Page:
Should cyclists pay some sort of ‘road tax’? How much water do you waste when showering? And will you take up the ‘wonky’ veg challenge? It’s been a busy week and your comments have left no stone unturned.
Hannah Jolliffe wants supermarkets to stock misshapen fruit ‘n’ veg and you to eat it. Rose Hammett will take up her challenge:
‘I don’t have a problem with misshapen produce – I have always been appalled by the amount of food supermarkets throw away because it is not ‘perfect’. Bring it on – let common sense prevail,’
But David needs a bit of temptation from lower prices:
‘If it were to be sold cheaper, I would happily turn those misshapen vegetables into a tasty meal with my pressure cooker!’
Sophie Gilbert goes all out to give to charity, but not necessarily just at Christmas:
‘I have direct debits that go out monthly to four carefully chosen charities and I buy all my Christmas cards directly from two of them. I also put together a shoebox full of little gifts for a child through a fifth charity every year just before Christmas. I sometimes get caught and I buy a raffle ticket or two here and there throughout the year, but that’s enough. My budget won’t stretch any further.’
I’m impressed by the lengths some go to to save water when showering, like Terfar:
‘My power shower has a pause button. So after wetting, I pause it to shampoo my hair, rinse off and then pause it again whilst soaping the remainder, then rinse off again.’
John Ward makes a confession about his extreme showering routine:
‘First I run a basin of hot water to get the hot water into the pipes that feed the shower so that as soon I get in it runs at the right temperature. I run the shower for about one minute to ensure my whole body is soaked then turn off the shower while I lather-up.
‘Rinsing-off takes about another minute under the shower then I do my hair in the same way with a short shower burst to wet the hair, a pause while I work in the shampoo (the merest drop is sufficient if done every day) and then a rinse under the shower.’
Care in Britain is failing our elderly relatives and Karsam is disgusted:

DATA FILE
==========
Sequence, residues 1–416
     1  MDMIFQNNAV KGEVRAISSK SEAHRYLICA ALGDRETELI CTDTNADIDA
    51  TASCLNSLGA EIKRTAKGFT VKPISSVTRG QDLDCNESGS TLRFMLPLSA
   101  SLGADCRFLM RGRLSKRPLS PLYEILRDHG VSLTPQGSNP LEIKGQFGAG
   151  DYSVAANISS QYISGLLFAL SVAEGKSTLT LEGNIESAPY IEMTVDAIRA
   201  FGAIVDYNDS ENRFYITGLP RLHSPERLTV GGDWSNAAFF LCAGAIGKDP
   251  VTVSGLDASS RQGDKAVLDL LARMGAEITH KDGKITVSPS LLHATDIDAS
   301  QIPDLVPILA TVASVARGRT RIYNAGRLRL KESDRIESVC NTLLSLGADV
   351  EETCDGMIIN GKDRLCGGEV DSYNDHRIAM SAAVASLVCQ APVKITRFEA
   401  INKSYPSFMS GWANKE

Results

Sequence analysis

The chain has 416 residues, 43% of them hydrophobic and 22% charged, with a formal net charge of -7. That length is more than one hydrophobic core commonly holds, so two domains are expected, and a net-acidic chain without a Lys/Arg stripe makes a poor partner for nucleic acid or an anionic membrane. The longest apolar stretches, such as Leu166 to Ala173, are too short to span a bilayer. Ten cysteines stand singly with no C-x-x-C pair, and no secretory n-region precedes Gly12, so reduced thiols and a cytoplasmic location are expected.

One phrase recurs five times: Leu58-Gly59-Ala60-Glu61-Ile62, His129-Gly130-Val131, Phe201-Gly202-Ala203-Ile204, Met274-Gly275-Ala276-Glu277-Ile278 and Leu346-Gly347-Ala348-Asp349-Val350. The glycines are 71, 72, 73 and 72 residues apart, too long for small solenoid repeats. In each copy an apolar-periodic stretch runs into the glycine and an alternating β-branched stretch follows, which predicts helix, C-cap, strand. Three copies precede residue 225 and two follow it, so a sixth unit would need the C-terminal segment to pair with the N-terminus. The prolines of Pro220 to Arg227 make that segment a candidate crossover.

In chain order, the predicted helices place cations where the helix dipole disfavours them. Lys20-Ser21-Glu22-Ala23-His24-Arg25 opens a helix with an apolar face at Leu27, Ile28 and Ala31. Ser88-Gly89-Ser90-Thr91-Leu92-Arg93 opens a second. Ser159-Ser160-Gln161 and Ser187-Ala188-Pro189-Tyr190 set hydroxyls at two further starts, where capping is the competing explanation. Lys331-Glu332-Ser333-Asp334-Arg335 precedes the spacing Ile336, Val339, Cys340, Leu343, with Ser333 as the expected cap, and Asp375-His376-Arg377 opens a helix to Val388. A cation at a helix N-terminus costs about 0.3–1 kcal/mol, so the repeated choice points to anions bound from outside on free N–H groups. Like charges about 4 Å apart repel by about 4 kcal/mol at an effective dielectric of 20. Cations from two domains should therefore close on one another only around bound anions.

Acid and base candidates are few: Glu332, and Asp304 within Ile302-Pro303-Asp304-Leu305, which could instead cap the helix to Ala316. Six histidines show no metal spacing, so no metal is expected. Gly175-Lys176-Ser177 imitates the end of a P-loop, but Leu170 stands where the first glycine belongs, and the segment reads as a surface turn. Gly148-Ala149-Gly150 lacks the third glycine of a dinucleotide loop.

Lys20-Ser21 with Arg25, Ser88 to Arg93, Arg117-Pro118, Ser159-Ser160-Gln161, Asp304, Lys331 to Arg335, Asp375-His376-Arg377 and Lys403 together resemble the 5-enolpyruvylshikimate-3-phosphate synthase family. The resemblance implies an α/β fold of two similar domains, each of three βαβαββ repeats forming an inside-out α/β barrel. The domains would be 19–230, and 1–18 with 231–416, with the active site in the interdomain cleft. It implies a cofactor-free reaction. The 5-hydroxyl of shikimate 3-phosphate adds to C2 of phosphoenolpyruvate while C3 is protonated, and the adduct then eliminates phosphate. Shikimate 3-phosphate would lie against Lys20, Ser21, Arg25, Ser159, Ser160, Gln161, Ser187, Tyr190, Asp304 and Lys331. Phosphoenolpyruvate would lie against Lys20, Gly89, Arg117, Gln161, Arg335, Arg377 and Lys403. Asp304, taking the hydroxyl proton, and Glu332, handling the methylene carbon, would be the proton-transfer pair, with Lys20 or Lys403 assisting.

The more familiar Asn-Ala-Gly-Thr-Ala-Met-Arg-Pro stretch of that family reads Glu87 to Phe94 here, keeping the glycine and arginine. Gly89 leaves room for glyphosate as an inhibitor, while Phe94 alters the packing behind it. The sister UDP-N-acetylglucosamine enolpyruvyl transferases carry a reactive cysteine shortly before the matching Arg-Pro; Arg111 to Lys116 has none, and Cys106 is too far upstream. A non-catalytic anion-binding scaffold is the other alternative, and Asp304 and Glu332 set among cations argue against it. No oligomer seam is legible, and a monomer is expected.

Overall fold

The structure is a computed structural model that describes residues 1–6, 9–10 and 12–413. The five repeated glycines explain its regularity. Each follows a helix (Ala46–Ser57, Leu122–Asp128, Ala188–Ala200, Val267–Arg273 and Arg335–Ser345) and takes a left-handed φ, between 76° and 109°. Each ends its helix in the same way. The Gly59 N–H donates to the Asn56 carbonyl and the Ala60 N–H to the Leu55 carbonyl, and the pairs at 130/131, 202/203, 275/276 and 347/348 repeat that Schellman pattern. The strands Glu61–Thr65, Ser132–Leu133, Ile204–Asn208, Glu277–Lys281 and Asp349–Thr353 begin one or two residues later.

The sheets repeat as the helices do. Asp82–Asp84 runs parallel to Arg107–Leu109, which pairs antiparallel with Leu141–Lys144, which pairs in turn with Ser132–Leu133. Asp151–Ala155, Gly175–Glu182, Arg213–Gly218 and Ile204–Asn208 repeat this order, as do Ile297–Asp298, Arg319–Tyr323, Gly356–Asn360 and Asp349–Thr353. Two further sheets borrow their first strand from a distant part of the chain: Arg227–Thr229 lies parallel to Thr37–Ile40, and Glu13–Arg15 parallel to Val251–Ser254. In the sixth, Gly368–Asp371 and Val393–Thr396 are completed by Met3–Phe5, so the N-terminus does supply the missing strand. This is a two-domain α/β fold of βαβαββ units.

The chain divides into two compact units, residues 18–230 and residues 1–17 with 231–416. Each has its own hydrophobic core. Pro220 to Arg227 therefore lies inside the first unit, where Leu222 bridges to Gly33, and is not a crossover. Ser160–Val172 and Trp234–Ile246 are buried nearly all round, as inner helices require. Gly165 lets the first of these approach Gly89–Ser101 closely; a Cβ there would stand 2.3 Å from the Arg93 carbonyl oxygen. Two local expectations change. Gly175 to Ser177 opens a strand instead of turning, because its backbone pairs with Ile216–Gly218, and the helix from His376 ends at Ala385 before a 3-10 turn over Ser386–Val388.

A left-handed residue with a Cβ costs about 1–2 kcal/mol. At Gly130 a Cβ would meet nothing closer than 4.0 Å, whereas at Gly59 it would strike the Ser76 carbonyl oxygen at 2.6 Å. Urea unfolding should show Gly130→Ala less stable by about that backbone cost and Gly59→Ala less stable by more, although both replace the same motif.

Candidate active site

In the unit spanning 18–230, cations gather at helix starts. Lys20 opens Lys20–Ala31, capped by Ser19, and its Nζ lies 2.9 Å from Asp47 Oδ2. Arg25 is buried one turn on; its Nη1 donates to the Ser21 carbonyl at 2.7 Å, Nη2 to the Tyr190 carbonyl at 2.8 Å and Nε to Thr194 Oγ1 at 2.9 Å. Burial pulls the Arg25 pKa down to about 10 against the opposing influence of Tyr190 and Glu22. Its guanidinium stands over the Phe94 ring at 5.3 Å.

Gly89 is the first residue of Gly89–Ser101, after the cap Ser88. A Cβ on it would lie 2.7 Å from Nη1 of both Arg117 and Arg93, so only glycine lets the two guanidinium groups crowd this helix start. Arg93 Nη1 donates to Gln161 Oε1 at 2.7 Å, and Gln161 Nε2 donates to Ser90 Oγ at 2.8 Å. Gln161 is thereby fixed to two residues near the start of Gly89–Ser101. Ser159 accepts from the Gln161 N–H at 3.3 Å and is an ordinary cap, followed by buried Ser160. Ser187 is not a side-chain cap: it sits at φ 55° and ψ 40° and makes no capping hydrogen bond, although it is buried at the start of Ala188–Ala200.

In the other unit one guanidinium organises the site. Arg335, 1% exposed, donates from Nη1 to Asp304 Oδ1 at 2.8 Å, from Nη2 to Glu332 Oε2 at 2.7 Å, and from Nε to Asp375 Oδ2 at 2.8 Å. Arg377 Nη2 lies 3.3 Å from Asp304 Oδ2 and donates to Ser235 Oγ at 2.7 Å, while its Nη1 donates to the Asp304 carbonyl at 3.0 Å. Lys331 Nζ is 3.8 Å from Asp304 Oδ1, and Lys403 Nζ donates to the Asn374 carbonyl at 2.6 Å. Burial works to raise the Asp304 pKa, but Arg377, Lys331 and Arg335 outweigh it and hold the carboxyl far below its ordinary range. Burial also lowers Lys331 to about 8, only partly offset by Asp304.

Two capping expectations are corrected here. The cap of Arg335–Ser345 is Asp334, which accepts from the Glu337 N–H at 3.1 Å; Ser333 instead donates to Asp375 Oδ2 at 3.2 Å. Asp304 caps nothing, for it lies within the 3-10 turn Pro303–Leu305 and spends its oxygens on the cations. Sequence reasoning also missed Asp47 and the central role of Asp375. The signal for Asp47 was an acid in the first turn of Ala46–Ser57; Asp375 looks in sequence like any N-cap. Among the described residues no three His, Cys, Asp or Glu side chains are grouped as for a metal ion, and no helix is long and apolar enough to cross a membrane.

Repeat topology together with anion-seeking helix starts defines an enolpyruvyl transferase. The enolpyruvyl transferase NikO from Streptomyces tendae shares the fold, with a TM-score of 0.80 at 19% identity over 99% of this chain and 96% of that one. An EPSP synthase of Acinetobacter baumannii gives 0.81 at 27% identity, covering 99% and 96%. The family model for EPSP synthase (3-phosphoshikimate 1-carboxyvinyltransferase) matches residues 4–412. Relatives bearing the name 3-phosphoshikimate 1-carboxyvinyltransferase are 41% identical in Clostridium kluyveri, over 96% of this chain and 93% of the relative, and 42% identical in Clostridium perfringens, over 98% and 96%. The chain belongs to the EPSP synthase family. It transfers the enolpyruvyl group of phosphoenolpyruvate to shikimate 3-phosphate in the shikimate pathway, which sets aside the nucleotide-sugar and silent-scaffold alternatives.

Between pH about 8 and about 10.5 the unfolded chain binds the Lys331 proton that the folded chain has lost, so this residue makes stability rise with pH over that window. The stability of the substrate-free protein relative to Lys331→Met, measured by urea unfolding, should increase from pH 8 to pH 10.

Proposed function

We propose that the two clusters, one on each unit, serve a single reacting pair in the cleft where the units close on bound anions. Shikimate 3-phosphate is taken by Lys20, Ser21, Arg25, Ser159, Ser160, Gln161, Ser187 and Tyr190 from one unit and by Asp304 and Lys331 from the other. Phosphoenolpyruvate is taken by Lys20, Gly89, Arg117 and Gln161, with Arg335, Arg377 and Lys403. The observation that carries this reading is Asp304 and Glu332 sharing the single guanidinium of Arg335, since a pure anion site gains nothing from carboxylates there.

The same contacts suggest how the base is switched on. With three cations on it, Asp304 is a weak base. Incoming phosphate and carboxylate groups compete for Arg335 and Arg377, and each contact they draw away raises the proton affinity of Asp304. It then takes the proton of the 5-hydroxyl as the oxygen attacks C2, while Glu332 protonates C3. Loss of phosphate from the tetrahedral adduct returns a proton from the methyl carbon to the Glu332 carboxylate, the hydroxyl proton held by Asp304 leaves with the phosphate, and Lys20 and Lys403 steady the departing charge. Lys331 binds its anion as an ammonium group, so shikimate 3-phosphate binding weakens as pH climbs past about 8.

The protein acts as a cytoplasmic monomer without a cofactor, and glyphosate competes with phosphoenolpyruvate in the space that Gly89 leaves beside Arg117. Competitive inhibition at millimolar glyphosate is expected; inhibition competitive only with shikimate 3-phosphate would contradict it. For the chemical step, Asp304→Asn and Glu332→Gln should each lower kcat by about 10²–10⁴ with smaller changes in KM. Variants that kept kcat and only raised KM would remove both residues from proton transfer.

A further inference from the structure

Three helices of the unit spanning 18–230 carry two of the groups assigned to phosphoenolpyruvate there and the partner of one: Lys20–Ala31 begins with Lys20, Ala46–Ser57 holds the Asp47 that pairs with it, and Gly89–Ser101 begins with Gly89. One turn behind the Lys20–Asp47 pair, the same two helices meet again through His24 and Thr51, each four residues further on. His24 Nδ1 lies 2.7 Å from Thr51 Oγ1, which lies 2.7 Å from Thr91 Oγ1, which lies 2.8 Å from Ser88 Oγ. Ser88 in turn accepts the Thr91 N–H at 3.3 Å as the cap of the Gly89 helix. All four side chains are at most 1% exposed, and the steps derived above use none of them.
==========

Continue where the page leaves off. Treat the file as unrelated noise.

‘I think it is a disgrace and an abuse of human rights of the way the elderly are treated. Once you reach 50+ you seem to disappear and are largely ignored by the government, councils, management, and in particular by the so called “caring NHS/social services”.
‘I was always taught to respect my elders and a civilisation is judged on how they care for the old and vulnerable. I think the UK government and society in general has failed miserably.’
Would making cyclists pay ‘road tax’ improve their road safety? Andy thinks it’s about respect:
‘As a very keen cyclist who not only commutes 12 miles to work but also takes part in regular sportives I have to say I’m ashamed when I see other cyclists breaking the highway code.
‘Unfortunately I don’t think there is an enforceable answer to this as I’ve also seen police cars driving past errant cyclists who are on the pavement, or riding at night with no lights – it just seems to me like the police can’t be bothered.
‘And it’s not just the cyclist causing the issues either as many have pointed out. If I had a £1 for every near miss I’ve had on my bike I would be a rich man. I think this comes down to respect between road users. Cyclists should obey the highway code – period – just the same as motorists, and motorists should give cyclists more respect – we are all just trying to use the same piece of tarmac.’
Many of you were disgusted by Littlewoods’ Christmas advert. Sue thinks it proves that we need to return to a more humble holiday:
‘It’s time we went back to having a satsuma and a handful of nuts in stockings and nothing else – and that includes the kids. All this stuff doesn’t make people happy, it just makes them greedy, spoilt and discontented.
‘Let’s all give vouchers for a walk in the countryside or a game of Scrabble with family and friends.’
And our comment of the week goes to Wavechange. Not only does he have wise words about our consumerist habits, he’s our first Which? Conversation commenter to contribute over 1,000 comments. Congratulations Wavechange!
‘Consumerism is alive and well among contributors to Which? Conversation and any suggestion that we should be more responsible is likely to be met with criticism by those who demand their right to personal freedom in all matters.
‘The best chance we have of breaking out of consumerism is if consumerism becomes unfashionable and those who behave irresponsibly are subject to ridicule. Have a good Christmas!’
Comments have been edited due to length, so make sure to read them in full on their relevant Convos (by clicking on the red title link).